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Other Articles from The Villager

Nambowa Malua captures movement in Oudano

20/10/2017
by Kelvin Chiringa
Vibe

Brisk fingerings on a lone guitar suspends in the air fragments of sounds within the spacious insides of Katutura College of the Arts gallery.

Outside, a gust of wind picks off the dust as if it were some harbinger of a brewing storm collecting in the accumulating clouds sky high.

Here at the centre of creativity in this old location of Katutura, artists trickle in and go about viewing what few art pieces are on display; some huddled on pedestals, some suspended in air by clips and wool.

It is the John Muafangejo Season 2017 after all.

Musicians, artists, poets, dramatists, smoking art enthusiasts and creative minds some of whom have refused to be defined, have all gathered to pay their homage to Namibia’s veteran, John Muafangejo himself.

It is in the noise of it all and the dullness of a little crowd that I am perched on one of the many clustered plastic chairs with a beer I have not bought.

Before me, one of Namibia’s renowned digital paint artist fiddles with brushes, paint and the canvass as he readies to spurt his creativity on the wall before him.

His work, which he later is to tell me is titled Oudano (Act of dancing), comes out of the potential of paint, the successive shots of anger from the brushes, the power of creativity and embrace the of canvass.

As if conjured out of the impenetrable mysteries of a dream, a lady emerges hands stuck out, feet as nimble on the floor in a choreographed motion that speaks to flexibility and flawlessness.

All that seems to matter, Nambowa coalesces into everything that matters at this moment, the non-existent become the existential elements that tie around Oudano.

Nambowa is no average artist; very much aware is he of the mystical power of combining light and darkness to bring out fantastic visions.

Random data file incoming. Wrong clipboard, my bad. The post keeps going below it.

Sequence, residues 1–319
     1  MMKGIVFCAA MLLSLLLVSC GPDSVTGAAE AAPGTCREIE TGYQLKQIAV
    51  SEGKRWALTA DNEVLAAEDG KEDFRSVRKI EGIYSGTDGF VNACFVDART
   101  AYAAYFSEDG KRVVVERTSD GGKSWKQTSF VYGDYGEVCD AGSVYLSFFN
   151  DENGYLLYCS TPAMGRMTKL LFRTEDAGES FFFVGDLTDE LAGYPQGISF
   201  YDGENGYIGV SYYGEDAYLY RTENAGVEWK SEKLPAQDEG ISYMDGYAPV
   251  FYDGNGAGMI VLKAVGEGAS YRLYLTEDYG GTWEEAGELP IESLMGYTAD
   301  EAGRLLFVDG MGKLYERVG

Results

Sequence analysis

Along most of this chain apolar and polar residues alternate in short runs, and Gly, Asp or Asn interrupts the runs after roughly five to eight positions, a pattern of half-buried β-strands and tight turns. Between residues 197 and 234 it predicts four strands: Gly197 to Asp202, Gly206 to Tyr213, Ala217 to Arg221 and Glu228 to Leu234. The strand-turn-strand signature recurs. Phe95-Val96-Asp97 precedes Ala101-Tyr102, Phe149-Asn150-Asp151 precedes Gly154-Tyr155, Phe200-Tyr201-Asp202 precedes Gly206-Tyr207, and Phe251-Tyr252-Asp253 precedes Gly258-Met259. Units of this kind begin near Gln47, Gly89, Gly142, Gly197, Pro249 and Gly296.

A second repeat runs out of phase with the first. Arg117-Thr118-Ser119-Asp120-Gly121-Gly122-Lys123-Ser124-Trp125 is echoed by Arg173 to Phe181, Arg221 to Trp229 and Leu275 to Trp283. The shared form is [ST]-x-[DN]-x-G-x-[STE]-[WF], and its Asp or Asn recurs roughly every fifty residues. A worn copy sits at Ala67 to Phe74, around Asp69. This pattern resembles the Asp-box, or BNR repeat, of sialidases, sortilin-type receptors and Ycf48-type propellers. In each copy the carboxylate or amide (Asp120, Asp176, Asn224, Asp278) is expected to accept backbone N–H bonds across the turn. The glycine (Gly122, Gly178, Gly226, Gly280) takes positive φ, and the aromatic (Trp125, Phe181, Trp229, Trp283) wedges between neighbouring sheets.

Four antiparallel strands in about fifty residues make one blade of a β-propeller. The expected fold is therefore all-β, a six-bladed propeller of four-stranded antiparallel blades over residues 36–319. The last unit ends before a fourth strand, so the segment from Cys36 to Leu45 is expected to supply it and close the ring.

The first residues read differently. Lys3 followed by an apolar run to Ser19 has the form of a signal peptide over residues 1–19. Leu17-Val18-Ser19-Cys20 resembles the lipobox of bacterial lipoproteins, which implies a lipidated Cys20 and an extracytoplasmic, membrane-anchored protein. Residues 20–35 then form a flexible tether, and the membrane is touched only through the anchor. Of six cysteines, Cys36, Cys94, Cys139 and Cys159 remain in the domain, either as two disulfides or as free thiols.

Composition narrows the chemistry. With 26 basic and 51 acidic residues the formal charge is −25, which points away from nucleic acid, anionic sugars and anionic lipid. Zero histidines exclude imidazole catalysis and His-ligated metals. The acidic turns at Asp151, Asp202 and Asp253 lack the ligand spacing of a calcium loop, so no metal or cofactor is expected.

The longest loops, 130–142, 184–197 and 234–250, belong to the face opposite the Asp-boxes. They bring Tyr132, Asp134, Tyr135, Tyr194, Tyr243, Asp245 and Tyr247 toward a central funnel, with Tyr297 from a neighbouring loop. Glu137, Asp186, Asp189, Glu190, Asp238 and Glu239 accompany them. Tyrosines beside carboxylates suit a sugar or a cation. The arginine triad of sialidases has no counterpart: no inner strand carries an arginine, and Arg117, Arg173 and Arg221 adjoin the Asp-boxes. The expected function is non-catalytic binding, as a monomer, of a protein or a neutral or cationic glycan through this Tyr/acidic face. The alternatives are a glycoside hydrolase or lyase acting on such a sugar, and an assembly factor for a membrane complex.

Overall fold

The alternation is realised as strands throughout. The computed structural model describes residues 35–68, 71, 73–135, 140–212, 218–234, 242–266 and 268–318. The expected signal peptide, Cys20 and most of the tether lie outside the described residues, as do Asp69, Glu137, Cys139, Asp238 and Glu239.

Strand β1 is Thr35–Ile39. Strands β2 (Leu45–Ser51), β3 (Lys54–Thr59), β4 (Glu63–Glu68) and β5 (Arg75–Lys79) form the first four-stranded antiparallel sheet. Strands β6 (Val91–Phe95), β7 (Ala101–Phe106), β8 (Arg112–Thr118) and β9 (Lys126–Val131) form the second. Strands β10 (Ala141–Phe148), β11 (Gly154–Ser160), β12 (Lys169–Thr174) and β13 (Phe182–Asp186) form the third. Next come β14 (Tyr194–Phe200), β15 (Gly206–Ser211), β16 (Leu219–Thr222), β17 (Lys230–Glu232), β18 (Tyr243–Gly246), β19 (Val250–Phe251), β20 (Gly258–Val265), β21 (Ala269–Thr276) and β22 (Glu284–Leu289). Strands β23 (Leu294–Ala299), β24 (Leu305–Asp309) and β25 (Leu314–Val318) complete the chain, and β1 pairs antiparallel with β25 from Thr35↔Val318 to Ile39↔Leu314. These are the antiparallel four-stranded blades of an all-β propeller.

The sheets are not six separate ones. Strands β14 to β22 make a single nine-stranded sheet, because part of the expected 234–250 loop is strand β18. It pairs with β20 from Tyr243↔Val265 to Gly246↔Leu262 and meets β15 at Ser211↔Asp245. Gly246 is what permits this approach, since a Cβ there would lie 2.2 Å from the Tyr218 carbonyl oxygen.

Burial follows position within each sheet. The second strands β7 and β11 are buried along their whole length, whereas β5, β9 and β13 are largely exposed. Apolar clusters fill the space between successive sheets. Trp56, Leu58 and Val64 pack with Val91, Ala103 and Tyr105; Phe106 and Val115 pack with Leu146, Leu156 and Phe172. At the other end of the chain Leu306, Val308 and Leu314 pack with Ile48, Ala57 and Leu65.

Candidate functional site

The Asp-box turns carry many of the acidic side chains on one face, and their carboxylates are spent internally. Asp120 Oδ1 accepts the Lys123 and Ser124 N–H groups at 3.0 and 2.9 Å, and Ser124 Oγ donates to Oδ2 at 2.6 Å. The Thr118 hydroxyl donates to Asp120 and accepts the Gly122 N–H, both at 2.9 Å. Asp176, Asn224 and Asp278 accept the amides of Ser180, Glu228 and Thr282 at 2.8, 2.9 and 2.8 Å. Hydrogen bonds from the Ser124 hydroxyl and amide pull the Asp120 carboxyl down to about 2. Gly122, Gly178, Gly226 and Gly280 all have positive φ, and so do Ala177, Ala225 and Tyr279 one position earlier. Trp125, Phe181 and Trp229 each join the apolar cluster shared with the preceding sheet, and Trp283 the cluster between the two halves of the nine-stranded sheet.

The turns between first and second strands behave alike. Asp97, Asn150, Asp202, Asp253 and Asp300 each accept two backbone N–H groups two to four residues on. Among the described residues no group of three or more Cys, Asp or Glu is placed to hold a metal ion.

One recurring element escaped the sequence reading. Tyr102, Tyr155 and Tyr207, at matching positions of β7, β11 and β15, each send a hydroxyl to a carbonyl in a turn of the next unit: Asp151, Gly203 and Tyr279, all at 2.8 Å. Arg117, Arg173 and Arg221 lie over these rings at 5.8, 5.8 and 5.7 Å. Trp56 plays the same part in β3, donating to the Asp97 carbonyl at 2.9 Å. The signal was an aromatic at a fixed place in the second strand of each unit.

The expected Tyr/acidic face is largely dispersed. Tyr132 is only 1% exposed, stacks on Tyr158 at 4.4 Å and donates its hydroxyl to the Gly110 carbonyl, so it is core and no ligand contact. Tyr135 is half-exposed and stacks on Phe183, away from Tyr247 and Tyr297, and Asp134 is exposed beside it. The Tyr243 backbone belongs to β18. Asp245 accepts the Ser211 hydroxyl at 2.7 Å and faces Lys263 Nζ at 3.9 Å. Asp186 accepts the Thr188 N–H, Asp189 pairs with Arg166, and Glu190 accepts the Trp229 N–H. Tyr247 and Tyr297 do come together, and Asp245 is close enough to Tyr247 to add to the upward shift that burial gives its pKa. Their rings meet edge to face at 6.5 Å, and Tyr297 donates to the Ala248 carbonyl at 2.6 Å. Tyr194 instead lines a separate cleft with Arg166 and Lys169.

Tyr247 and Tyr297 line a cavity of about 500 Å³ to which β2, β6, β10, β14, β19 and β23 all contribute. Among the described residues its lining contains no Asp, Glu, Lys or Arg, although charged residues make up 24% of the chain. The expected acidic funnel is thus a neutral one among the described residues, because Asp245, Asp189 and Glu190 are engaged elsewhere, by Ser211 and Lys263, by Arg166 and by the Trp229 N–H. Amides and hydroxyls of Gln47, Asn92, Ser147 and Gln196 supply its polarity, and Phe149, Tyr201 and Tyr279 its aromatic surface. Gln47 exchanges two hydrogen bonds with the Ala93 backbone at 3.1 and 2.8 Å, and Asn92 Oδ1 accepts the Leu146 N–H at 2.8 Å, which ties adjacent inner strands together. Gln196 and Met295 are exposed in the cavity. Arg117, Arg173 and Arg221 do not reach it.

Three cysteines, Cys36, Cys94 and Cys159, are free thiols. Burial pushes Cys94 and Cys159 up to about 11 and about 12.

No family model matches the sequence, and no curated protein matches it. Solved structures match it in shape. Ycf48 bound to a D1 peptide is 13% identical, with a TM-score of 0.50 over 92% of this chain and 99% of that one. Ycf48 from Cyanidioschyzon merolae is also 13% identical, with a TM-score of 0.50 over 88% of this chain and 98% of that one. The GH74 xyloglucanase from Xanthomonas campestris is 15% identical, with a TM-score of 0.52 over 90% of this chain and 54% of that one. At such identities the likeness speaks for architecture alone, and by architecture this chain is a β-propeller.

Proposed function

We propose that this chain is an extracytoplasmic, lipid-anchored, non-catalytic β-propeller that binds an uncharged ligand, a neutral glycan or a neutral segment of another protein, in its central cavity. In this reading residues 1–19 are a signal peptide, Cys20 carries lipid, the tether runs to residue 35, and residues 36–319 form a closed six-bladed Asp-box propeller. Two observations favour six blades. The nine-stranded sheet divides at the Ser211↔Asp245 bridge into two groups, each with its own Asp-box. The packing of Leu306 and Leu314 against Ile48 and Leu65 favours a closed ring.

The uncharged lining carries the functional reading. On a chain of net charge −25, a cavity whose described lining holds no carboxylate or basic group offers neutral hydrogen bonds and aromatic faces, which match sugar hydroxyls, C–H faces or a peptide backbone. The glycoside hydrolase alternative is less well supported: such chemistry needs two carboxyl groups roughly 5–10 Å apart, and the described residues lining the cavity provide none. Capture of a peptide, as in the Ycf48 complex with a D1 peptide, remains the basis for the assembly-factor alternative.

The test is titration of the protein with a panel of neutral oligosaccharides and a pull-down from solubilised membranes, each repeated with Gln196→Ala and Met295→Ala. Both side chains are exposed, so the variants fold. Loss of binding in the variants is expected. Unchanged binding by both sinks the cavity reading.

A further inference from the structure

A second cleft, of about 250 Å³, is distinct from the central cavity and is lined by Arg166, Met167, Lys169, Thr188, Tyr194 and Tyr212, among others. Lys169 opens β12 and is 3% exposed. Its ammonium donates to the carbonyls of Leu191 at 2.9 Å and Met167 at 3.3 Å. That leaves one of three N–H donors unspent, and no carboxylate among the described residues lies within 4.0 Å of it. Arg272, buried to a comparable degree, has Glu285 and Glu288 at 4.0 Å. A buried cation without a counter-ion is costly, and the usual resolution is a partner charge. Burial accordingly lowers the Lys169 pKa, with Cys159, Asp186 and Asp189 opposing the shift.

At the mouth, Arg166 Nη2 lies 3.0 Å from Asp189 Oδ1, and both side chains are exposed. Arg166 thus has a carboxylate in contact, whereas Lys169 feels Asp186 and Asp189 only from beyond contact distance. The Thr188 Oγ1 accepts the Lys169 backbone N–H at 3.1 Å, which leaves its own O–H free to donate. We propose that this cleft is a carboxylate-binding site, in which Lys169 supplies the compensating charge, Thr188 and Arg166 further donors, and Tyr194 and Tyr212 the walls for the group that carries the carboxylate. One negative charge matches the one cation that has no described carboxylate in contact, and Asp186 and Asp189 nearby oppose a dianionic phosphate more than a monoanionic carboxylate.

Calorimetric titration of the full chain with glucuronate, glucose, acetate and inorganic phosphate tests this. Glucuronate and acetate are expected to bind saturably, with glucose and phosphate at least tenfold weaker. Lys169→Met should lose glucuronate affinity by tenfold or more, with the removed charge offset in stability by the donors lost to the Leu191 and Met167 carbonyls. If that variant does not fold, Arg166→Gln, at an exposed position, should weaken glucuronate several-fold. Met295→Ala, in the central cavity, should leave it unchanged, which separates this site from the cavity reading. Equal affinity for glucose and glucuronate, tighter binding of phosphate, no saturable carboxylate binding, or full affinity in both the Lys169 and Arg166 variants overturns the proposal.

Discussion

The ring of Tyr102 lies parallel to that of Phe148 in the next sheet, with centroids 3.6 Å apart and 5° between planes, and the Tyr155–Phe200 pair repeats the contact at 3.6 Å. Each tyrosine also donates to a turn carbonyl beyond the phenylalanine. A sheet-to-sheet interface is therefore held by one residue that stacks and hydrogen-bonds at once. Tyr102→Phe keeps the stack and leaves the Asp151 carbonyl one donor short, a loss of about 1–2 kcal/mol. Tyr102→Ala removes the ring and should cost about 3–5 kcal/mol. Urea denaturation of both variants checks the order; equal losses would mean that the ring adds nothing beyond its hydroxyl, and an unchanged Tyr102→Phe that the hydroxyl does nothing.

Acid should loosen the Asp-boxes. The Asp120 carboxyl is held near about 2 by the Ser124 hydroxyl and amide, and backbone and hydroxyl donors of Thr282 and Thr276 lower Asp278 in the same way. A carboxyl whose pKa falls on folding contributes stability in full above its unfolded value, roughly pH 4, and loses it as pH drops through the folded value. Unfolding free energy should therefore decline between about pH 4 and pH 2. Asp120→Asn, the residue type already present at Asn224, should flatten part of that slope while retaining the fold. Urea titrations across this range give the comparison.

He captures motion in a split second. He eternalises a passing moment and compresses it with extreme flawless beauty that it is not easy to miss a typical Malua work.

The dance is sentimental, and it fades into an almost spiritualistic dream as the artist tries hard to alter what available object there is on his work to remove the entire equation traces of location and time.

His work boldly speaks to the universality of art. Movement, motion and emotion obsess Malua, and he demonstrates his love for the most ancient, the timeless and that which matters little within the confines of an existential world- pure motion.

Oudano is soulful, lingering and compelling. Here, colours mesh together into some disorganized Kaleidoscope that finds new patterns, making his painting almost like a mirage. 

The phantasmagoric and romantic elements in the act of dance are quite flattering, yet the background is entirely abstract and explodes into a Nirvana of gods and demons gripped in the moment of rhythm and the throbbing sounds of some unseen drums and cymbals, or sax tremolo…

“I want you to help me with this art and speak on where you think I am making a mistake,” Malua says as we set to go buy some beer, to relax his mind and take leave from the strong stench of spray paint.

How does one correct art? Art is never wrong. Mistakes are the mother of novel horizons that usher in sharper images which celebrate the beauty of shades.

These are the lessons I take from my observations of this art maverick. Maybe I praise him too much to the extent of deification?

It is easy for me to see that Nambowa struggles to reach the same acute intensity in oil on canvas such as he attains on digital paint.

His ability to dare master both demonstrates a deeper level of the commitment to art, a lifestyle of the creator of situations. 

We later exit the art college almost drunk with the illusions of poetry, music and beer canes into the thick darkness which smells of the crispy fragrance of upcoming rains.

The experience was priceless!